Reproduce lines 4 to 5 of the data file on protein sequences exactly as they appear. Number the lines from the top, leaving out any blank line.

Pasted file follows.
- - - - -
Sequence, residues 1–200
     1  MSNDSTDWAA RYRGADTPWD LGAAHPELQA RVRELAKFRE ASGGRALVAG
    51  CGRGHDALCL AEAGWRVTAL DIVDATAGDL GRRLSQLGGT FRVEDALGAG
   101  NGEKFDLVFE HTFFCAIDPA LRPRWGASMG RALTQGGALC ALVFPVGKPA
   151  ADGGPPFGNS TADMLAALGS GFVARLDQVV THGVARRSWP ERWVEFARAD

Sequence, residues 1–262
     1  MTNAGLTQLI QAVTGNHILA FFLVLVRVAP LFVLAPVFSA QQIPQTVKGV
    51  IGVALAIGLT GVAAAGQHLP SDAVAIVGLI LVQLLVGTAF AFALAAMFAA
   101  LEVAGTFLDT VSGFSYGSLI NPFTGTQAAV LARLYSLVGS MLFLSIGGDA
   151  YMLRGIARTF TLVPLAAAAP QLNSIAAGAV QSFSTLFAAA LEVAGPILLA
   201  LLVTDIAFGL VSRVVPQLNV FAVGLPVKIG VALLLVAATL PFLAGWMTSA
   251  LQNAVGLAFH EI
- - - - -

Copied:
   101  NGEKFDLVFE HTFFCAIDPA LRPRWGASMG RALTQGGALC ALVFPVGKPA
   151  ADGGPPFGNS TADMLAALGS GFVARLDQVV THGVARRSWP ERWVEFARAD